As I touched upon in an earlier analysis, Flexible, even ‘free’ custom design, the increasing danger today is Project Managers preconceiving hardware routes. That danger is that the parameters those preconceptions were derived from, have often changed significantly since.
We see this in many areas of life, cars perhaps being an obvious example – will Škoda ever truly shake their label? In our industry we see this on multiple levels, be that programming languages, operating systems, hardware platforms or even the approach to fulfilling the requirement itself – this latter aspect is the focus of this article, and that with the widest ramifications.
Too often projects today are deemed to require ‘off the shelf’ hardware only, from their inception. Maybe the Project Manager has been stung by obsolescence issues, single sourcing, slow time to market or even just plain high costs in the past – but despite these now having been addressed, they simply aren’t aware of that.
Assumptions can save time of course and are seen to avoid past ‘mistakes’, but we all know the famous term! In fairness to our Project Manager, some of these critical ‘disadvantages’ to a bespoke route, over ‘off the shelf’, have only very recently been addressed.
System-On-Module (SoM) design provided that half-way house, revolutionising embedded hardware development – and still to this day has a crucial role in our industry, and very much so for DSL likewise. However, where we see SoM as a revolution for ‘off-the-shelf’, DSL’s new concept is a revolution for single board, bespoke design – the ‘Functional Building Block’ approach.
SoM design routes often tick most boxes, but for certain industries, particularly those where vibration and shock are severe – a truly single board solution can still be essential. Too many were also sold the concept of multi-sourcing, providing risk protection against soured manufacturer relations, though open formats and multiplexed pins often meant cross compatibility often wasn’t there.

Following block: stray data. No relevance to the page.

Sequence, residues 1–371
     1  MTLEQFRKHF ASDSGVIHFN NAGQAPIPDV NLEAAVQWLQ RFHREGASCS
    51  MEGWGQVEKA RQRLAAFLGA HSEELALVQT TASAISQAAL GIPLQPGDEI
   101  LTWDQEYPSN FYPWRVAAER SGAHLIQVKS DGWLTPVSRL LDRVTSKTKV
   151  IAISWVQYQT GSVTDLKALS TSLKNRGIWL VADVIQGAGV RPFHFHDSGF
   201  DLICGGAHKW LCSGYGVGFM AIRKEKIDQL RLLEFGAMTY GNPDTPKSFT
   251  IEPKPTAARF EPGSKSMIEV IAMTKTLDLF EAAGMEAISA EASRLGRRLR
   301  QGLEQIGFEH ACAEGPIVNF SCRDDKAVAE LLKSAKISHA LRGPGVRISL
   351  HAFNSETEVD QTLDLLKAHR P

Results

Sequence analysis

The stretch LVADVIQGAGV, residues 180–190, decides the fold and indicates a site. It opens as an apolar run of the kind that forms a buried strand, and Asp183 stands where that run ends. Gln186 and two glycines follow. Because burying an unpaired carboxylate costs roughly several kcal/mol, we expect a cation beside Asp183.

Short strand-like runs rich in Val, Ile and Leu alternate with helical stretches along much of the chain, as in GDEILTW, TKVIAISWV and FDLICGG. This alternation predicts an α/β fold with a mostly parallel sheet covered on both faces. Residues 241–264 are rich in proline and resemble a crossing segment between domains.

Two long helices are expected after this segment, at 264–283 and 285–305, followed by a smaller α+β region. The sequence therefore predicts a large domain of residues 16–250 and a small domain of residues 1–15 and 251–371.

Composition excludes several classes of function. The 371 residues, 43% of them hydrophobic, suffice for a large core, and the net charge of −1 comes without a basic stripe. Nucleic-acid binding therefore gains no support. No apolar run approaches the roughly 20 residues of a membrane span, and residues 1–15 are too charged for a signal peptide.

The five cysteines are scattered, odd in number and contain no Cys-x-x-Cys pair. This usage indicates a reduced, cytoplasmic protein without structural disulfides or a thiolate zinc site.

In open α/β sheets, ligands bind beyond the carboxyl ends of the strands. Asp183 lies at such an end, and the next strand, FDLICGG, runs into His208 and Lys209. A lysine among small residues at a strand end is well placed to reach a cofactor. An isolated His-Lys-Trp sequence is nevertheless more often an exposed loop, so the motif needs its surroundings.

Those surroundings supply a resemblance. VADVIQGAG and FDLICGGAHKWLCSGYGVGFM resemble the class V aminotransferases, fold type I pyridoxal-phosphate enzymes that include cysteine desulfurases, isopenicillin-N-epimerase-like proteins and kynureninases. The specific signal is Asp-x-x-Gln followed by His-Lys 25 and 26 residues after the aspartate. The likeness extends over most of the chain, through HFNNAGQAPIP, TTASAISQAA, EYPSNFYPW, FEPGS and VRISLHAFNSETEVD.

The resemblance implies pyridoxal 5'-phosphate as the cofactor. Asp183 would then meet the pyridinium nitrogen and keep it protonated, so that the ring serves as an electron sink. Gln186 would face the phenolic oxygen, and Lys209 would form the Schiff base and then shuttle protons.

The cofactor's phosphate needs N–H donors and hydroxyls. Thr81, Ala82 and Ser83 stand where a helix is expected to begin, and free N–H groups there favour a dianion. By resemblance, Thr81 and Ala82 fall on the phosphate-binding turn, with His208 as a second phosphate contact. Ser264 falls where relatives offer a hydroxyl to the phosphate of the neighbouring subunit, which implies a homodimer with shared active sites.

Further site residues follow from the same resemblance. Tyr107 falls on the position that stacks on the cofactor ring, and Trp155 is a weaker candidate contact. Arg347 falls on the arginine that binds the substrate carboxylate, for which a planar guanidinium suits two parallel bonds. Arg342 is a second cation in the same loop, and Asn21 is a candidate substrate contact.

DSL’s new ‘Functional Building Block’ approach is bespoke design at its heart, where it differs is that DSL have essentially fronted the majority of the NRE costs. We’ve built an all singing, all dancing development platform containing a plethora of functionality, we’ve created the footprints, produced the schematics, laid out the circuits, and built and tested every single aspect of it exhaustively. Only now does the customer step in.
The client, perhaps tarnished by years of reinventing the wheel for their own means now simply selects which ‘functional building blocks’ they want, what size and shape PCB they desire and any additional proprietary IP we can easily hoover up – and DSL simply drops existing work into a new design, and voila!
By this approach of re-using proven circuitry we drive the majority of the risk out of the design, the cost of out the design, and obviously, time – this approach provides a lightning time to market, universally attractive in staying ahead of the competition; such is the nature of business.
Now I trust how revolutionary the concept is has become clear. We’ve taken the unprecedented step of essentially paying for the majority of our own customer’s electronic designs.
Foolhardy? Not at all, DSL’s focus is building client relationships, we want to design the product, we want to manage the production, we want to build the assembly and we want to final test. Forgoing a proportion of revenue up front is a price worth paying to enable our customers to get their innovation to market quickly, with reduced outlay and reduced risk.
The ‘Functional Building Block’ approach is currently available with AMD’s new G-Series for low power, high performance x86 applications, the ARM® Cortex®-M4 for local or remote control and monitoring applications and the ARM® Cortex®-A8 for multimedia and OS based applications.